Egyptian-Canadian shouts claim of torture in Cairo spy trial
The trial of a 31-year-old Egyptian-Canadian charged with spying for Israel resumed in Cairo Wednesday amid a fractious courtroom scene where media and the accused shouted at the judge.
CBC's Peter Armstrong, who's covering the trial of Mohammed Essam Ghoneium al-Attar, said dozens of journalists and television crews disrupted proceedings by shouting questions at the judge.Al-Attar also shouted, trying to get the attention of Judge Sayyad al-Gohari to press claims that he was tortured by the Egyptian police to confess to being an Israeli spy.
"He was bellowing out his innocence, saying that the police beat him and made him drink his own urine" Armstrong said.
Al-Attar also said he wanted Prime Minister Stephen Harper to intervene in his case. Consular officials from the Canadian embassy in Cairo were in the courtroom Wednesday but did not comment when questioned by journalists.
Al-Attar was arrested in Cairo at the beginning of this year when he was in Egypt visiting his family.
Prosecution documents allege al-Attar was recruited by Israeli intelligence in Turkey to spy on Egyptian nationals living abroad. The Egyptian authorities said al-Attar came to Canada in 2003and provided information to Israel on a number of Arabs living here. Israel denies the allegations.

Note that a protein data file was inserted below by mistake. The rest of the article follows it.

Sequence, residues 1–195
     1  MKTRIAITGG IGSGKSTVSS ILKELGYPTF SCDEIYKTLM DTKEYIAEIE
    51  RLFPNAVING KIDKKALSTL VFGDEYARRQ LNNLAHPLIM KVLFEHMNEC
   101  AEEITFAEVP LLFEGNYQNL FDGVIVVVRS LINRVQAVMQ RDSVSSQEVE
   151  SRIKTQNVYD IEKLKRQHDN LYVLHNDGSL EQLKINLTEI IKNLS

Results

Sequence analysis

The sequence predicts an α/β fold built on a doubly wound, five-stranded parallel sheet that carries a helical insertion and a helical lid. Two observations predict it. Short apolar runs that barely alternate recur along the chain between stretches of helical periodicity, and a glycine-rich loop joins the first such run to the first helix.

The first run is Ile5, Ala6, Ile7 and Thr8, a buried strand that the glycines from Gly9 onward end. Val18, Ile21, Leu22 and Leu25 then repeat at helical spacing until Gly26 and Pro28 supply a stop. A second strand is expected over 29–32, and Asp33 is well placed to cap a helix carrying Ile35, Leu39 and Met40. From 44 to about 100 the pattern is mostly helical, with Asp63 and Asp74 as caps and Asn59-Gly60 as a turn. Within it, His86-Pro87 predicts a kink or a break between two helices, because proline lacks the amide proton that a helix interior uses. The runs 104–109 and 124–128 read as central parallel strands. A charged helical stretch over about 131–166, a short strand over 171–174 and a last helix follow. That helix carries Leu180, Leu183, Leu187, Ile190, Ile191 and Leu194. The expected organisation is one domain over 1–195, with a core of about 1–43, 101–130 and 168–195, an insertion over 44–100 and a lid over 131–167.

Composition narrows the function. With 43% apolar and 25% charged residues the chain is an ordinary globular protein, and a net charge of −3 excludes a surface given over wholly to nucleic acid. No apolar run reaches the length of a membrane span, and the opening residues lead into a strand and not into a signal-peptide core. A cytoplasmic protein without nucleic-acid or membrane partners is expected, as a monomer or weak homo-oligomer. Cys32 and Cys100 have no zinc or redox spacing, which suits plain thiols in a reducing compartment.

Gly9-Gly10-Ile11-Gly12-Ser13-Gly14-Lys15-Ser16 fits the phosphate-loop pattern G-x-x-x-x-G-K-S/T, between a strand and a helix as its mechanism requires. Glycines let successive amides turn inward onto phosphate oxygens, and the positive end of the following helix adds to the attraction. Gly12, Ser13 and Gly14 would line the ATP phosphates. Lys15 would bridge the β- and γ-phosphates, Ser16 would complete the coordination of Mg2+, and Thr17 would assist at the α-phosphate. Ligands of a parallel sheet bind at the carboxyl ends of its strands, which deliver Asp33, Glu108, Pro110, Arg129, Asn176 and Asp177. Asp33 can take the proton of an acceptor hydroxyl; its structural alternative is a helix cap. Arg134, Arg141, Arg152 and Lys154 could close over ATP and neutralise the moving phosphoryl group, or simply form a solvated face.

In an earlier court appearance, al-Attar said he had been held in solitary confinement and tortured for four weeks before confessing to crimes he didn't commit.
First lawyer quit
Al-Attar's first defence lawyer resigned at the beginning of his trial this month, saying he believed his client was guilty of treason. His new lawyer asked the court to delay proceedings so he could become more familiar with the case.
The judge agreed and the trial is to resume in late March.
CBC's Armstrong said there's an overwhelming feeling in Egypt that al-Attar would be found guilty. A conviction carries a jail sentence of 25 years in prison with hard labour.
Egypt's government has also issued arrest warrants for three Israeli nationals, accusing them of recruiting and training al-Attar as a spy.